My name is Margaret Morison and I am a senior Psychology student working under Dr. Tara Chaplin. The project I am working on for the OSCAR program is about the effects of childhood trauma on parenting behaviors. My research interests have centered around interpersonal violence for quite awhile now, usually pertaining to the individuals directly involved. After working in Dr. Chaplin’s lab as an undergraduate research assistant (RA), I gradually became interested in the effects of violence and/or trauma on families. Outside of school and my position as an RA, what also contributed to my interest in trauma and families is my volunteer position at a domestic violence shelter in Arlington, VA. Taking a trauma-informed approach to clients and their children is something I consider to be crucial in my interactions at the shelter. The opportunity to contribute to the literature on the effects of trauma is incredibly rewarding!
In the future, I hope to enter into a Clinical Psychology PhD program. A large part of what these programs look for is an ability to conduct research. The experience I have gained in conducting my own research project has not only given me an example of my ability to succeed in academia, but the confidence to keep pushing towards this goal. I hope to contribute to the growing body of psychological literature and use this knowledge to assist individuals.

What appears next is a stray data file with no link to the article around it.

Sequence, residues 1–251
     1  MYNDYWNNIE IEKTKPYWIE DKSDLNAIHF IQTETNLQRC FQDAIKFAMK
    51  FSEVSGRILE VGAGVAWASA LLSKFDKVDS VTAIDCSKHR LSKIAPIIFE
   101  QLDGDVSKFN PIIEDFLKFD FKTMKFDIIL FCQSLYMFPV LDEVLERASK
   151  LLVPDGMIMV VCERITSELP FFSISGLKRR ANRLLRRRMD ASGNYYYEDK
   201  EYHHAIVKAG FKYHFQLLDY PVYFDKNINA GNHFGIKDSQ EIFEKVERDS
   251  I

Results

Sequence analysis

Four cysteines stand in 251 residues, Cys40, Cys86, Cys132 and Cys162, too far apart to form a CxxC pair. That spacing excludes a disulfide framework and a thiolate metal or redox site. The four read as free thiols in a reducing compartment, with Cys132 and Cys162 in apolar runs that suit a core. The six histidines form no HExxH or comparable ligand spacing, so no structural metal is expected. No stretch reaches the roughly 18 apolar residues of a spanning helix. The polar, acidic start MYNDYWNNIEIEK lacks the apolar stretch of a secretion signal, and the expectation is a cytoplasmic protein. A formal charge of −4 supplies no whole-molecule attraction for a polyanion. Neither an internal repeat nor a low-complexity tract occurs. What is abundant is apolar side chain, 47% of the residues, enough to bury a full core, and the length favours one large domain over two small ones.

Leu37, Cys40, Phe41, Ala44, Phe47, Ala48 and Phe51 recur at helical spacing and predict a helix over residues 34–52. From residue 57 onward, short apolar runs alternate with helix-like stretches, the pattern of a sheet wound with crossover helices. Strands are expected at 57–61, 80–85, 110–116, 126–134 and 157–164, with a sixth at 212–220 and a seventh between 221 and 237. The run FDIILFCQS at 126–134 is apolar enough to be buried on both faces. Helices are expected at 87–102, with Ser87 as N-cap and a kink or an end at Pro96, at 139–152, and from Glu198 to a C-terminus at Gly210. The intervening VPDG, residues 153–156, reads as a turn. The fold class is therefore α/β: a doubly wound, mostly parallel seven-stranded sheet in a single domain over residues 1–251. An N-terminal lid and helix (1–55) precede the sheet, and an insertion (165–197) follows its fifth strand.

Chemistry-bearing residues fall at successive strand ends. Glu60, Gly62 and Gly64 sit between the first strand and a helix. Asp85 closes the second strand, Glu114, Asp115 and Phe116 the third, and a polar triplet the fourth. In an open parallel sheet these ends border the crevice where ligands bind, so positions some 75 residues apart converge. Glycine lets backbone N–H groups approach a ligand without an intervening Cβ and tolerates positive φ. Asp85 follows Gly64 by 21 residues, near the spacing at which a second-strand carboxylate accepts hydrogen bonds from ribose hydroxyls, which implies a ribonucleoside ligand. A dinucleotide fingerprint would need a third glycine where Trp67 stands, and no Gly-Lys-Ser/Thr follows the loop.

On a weekly basis, a large part of what I do is reading the existing literature on trauma and certain parenting behaviors. Much of the data used in my project is collected through Dr. Chaplin’s large, longitudinal study on adolescent substance use and psychopathology. When working with participants, I lead them through a series of interviews, surveys, and physiological measures. The second largest part of what I have been doing weekly is cleaning, analyzing, and interpreting data, using both Excel and SPSS software.
Throughout this project, I’ve learned a great deal about statistical techniques and ways to effectively communicate findings. I’ve also come to see the complexity of the effects of childhood trauma. Many individual variables contribute to how trauma affects the survivor. While this does make untangling the connections in research more difficult, I am confident that psychological scientists will be able to do so through the creative statistical techniques and innovative methodologies that have been, and are being, developed.